What do you think of when you hear the term “no hitter?” One amazing throw goes for nine runs, and then the team will celebrate? Well, on Saturday night in Tampa, Rays defied both expectations. In a game against the Red Sox, the infamous Rays’ relief team Cerberus nearly managed to amass the most hitters in major league history — only to lose their bid in the extras, a prelude to Kevin Kiermayer’s home run.
Like many of the other Rays games already this season – they already have like three healthy rookie players at the moment – the strategy from the start has been to take out players with short bursts of a slew of weapons. JP Feyereisen opened with a perfect two laps, and then walked out without anyone really thinking about what would happen next. Javy Guerra pulled out two men, then walked on one and saw another reach base on a fault. Jeffrey Springs took his place on the hill on two uninjured runs punctuated by two walks. Jason Adam finished fifth and carried the hitter through sixth. (I promise you these are all real shooters and I’m not putting in random names here.) Ryan Thompson finished seventh. Andrew Kittridge did the same in eighth and stayed in ninth.
Meanwhile, the Rays hitters could hardly do more to solve the pitchers of the Red Sox, putting a small handful of runners at the base while failing to get anyone home. The score stayed 0-0, and although the beating was still intact, the way it developed was so confusing that even the players on the field couldn’t keep track of what was going on.
“I honestly looked in there to see how many hits we got, because I knew we didn’t have that many. Then I realized they didn’t have either,” Rice Third baseman Taylor Walls said after the match. And I’m like, ‘Oh my God, it’s round eight and we have one hit combined. “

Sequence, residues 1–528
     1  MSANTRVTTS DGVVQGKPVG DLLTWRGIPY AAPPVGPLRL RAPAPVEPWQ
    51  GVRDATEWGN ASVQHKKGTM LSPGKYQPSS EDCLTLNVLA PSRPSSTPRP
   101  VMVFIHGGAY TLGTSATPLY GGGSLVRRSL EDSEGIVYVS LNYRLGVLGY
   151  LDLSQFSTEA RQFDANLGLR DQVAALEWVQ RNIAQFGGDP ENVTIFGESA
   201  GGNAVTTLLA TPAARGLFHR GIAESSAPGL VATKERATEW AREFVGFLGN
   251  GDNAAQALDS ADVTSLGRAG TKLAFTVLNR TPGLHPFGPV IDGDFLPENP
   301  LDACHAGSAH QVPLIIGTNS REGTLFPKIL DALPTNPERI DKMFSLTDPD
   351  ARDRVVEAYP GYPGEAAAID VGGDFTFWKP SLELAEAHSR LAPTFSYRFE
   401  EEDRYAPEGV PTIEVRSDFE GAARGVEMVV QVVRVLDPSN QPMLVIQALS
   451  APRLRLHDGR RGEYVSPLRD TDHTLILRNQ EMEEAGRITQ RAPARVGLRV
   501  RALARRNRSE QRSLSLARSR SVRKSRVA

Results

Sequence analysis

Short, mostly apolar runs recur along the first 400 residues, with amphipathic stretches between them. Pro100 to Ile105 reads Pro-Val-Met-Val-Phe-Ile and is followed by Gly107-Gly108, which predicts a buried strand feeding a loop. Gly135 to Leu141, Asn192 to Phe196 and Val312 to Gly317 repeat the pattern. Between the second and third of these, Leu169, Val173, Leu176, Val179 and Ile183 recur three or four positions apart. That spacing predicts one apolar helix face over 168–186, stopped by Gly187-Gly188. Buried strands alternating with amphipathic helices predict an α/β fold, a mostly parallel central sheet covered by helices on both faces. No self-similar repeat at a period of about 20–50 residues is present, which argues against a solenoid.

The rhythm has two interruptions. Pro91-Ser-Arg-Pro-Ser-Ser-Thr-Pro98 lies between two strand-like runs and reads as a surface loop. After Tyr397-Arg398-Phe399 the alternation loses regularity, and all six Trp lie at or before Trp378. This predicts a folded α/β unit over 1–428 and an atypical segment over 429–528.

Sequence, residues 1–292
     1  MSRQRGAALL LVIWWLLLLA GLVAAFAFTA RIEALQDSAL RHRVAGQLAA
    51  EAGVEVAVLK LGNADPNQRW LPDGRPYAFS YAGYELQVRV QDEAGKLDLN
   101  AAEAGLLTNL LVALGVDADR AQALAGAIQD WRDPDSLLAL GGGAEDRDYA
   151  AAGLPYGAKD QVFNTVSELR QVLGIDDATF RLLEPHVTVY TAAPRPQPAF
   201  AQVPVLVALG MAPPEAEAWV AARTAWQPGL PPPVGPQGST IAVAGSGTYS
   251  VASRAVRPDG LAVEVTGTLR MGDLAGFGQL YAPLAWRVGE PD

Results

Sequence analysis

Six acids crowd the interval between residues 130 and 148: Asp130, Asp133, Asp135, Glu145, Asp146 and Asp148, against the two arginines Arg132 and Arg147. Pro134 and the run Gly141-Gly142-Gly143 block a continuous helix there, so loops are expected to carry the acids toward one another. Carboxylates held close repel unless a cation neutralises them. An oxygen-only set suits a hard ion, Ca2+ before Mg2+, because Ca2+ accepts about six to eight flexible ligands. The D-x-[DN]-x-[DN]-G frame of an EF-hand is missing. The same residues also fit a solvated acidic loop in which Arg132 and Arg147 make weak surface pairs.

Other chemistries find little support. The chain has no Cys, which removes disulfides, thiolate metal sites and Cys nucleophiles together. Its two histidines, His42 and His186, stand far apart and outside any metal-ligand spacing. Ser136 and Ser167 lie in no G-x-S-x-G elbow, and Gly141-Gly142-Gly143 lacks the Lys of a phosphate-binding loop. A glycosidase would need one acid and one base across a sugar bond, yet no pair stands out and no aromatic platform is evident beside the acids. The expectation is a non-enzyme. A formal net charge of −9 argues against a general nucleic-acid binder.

Kittredge finished all the work that would be required for a Model No, capturing the 25th, 26th and 27th without dropping the blow. But there were no congrats so far, and after Randy Arrozarina played a double game in the bottom nine, the Rays only had to shoot in fifth after ten runs since 1901, and a first since Francisco Cordova and Ricardo Rincon reunited for one with the Pirates in 1997. Even more so is the fact that when Matt Wisler got into the extras, he was the Rays’ seventh bowler in the ball game. The previous record for busiest was set by the Astros in 2003 and held by the Mariners in 2012. Both used only six arms.
But record book authors don’t have to worry about adjusting their column sizes. Bobby Dalbeck, the top hitter in the 10th set, put an opposite field out of Brett Phillips’ reach in the corner, breaking the deadlock with a triple RBI before scoring in the sacrifice fly.
Despite the lost history, Rays still takes some fun memories from this game. Two hits to start the 10th hit put them in a tough spot, but after Trevor Storey spoil the thing that will end the gameKevin Kiermayer stepped into the penalty area with a chance to win back. The Rays’ most consistent presence over the past 10 years has never hit a Zenger in his career, but he changed that when he got a quick ball into his wheelhouse at 3-1, which Kiermayer sent on a climax over the right field wall.
“I’ve had this dream forever, and it’s a moment no one can take away from me, and I’m so proud,” Kirmeyer said after that. “I said before my career ended I want to win the world championship, and second after that, I want to take part in a tour [homer]. I want to know what this moment looks like. I know that now.”
The final square score in this score, thanks to the tricks of extra time, looks almost magically natural, so much so that it’s easy to forget how close we got to the most grotesque and bizarre thing in history—something hardly recognizable compared to the standard single greatness that this word usually denotes. Can it be considered that the rays are close to the absence of real harmful? Bobby Dalbec has stopped this debate in its tracks, but with the increasing sophistication of the bowler role in the modern game, it feels like it’s only a matter of time until someone does what Tampa can’t. Seven jugs? Eight jugs? Perhaps there will come a day when a non-hitter is widely regarded as a collective achievement as much as an individual one.
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